2013-08-14 10:28:41 AM  
jso2897:
Have a nice day!

So... just wondering. What if you had super hawt scantily clad security people at the doors that fawn over the customers? I know they still cant do much really but they might be a deterrent and a sales tool!
 
2013-08-14 10:30:59 AM  
was the thief black? did he play the race card to get the watches?

Sho nuff Oprah woulda been booting it out the door with a purse under her arm in a similar circumstance.
 
2013-08-14 10:33:31 AM  

The Evil That Lies In The Hearts Of Men: PainInTheASP: No they don't.  There are established reputable firms that will offer their services to any business that wants it, and for a heck of a lot cheaper than you think.  Grocery stores use them all the time, which leads me to my previous statement about what they "can" and "cannot" do.

The business models there are completely different, as are the theft risks.

Grocery stores (or at least the ones that hire security) are large operations with dozens of staff members in a huge store where all the wares are available to be handled by the customers at all times. Customers are regularly in places where no staff members can see them and so can put products in their pockets and walk out the door. There is a constant and regular drain due to shoplifting that can be discouraged by a visible security presence who represents, maybe, 5% of the staffing budget. Further - the vast majority of successful shoplifters are not detected so their identities are not known for police reports.

Jewelry stores are generally small operations with a half dozen staff or less - adding a security guard could increase staff costs by 20% or more. Instead the stores are small and open so all staff can see all parts of the store at all times. The wares are behind glass. At no time will a customer handle wares without the direct supervision of a staff member. Shoplifting is a minimal drain. Theft from people who switch wares with replicas or who grab and run is generally rare - there is a lot of risk, the goods can be hard to shift and everyone will be fully aware of the theft at the time it happens so can give the police a good description and show them directly to the security footage so they have a nice picture of the thief. The place I worked at had one such incident in 3 years - the cost of a full time guard for three years would have dwarfed the retail cost of the stolen goods, let alone the wholesale cost.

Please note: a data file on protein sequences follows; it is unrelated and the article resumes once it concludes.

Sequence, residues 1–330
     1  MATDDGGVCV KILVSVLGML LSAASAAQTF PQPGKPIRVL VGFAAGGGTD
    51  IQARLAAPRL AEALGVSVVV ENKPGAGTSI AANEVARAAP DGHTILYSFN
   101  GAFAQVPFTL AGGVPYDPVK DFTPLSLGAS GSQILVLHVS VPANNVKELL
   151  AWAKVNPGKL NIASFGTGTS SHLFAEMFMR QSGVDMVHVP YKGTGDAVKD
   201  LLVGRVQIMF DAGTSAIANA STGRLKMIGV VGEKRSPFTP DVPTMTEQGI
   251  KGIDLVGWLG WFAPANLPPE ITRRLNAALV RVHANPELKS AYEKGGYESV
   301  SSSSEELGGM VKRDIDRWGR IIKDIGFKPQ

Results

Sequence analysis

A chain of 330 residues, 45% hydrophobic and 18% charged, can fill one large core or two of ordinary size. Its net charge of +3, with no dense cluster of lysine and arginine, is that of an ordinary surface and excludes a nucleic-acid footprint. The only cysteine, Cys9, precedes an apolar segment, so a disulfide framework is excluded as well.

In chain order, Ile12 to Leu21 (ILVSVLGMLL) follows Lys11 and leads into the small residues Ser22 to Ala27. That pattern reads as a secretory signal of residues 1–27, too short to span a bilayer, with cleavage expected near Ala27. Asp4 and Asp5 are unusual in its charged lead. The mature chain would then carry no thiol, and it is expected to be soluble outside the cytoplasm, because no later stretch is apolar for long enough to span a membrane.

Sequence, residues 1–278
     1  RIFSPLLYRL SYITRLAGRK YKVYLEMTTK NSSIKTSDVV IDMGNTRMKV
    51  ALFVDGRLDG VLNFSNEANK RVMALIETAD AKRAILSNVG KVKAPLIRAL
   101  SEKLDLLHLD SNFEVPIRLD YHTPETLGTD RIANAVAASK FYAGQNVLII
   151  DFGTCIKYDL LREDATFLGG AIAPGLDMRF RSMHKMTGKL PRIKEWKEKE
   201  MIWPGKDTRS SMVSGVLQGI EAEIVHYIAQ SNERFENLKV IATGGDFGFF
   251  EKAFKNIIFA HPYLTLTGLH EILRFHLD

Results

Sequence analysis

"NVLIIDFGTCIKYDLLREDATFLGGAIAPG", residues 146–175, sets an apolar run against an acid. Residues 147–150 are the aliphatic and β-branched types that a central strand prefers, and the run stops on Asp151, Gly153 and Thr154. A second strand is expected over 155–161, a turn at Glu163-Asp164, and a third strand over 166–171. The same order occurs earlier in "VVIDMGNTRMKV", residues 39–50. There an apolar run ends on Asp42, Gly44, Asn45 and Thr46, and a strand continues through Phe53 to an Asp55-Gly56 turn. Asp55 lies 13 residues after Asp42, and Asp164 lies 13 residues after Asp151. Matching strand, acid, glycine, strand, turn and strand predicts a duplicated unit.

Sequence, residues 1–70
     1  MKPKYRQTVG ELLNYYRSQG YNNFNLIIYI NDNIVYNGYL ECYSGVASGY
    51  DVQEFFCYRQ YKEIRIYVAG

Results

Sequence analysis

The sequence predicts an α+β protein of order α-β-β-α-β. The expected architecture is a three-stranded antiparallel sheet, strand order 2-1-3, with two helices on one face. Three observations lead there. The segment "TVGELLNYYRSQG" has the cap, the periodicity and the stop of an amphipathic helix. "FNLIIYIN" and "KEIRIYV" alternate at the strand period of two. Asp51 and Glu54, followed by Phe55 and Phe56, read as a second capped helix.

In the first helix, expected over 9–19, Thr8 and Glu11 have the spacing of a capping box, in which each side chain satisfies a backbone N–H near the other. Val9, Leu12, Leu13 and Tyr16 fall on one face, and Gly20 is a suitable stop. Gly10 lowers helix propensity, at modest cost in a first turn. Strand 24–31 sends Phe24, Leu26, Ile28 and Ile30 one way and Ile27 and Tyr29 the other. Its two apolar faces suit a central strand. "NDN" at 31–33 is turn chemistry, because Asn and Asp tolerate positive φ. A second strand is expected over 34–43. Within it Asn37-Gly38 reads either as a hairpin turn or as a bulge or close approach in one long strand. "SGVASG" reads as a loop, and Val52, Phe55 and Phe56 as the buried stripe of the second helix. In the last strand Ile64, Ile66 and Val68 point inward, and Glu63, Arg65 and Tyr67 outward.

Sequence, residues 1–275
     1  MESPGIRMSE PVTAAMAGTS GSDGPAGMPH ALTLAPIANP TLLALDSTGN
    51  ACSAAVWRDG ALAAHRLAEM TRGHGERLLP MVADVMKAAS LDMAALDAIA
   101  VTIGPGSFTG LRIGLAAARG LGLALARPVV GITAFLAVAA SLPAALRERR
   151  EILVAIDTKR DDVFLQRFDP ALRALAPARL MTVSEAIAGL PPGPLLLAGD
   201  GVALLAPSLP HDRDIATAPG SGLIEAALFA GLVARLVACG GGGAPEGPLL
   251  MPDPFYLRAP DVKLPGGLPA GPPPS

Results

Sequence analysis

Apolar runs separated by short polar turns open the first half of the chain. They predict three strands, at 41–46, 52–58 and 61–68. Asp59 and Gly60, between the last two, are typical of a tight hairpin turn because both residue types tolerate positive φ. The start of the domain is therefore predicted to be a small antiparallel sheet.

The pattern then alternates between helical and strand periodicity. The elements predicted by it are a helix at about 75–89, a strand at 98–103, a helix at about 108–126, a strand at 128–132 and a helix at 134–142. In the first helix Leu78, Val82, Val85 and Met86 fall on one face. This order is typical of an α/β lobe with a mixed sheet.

The guy has something wrong in his brain - who the hell throws a personal hissy-fit just because somebody shows them "wrong on the internet"?
I'm sick of these folks who can't have a civil conversation with a person who is more knowledgable than them, because the fact of the person being more knowledgable hurts their butt so bad.
Everything you explained to him has already been explained to him by three different people. He isn't going to "get it" this time around.
I am always encountering people here on Fark who know more than me about the stuff we talk about - and I am grateful for, and appreciative of their expertise - ESPECIALLY when they straighten me out from thinking something erroneous. What kind of person reacts with rage when someone takes the time and trouble to educate them about something they are ignorant of?
I blame Ayn Rand - she encouraged this kind of "autistic Aristotleanism", where people think the incomplete reasonings they do in their head trumps actual, tested reality.
 
2013-08-14 10:34:12 AM  

FlashHarry: wait, you can buy REAL rolexes on canal st?


Jack Sutton Jewelry is in Canal Place, a shopping mall/office building down at the base of Canal by the River. It's full of high-end shopping, e.g. Saks Fifth Avenue, Brooks Brothers, etc. His jewelry is kind of gauche and overpriced, IMO, but I think he does a lot of business with Saints and Pelicans players and their wives.

Since you're a watch nerd, you may appreciate this - A law school buddy of mine had parents who had a bit of money. And by "a bit" I mean back in the seventies, his dad loaned a buddy $10k for a one-fifth share in some lingerie store called Victoria's Secret. Anyhoo, his parents collected time-pieces, clocks, watches, and one of the watches his dad got was at a charity auction and it was a $75k Rolex custom designed for Deion Sanders when he signed with the Cowboys. It had a diamond bezel and a blue star on the face made of sapphire stones. It was gloriously over the top.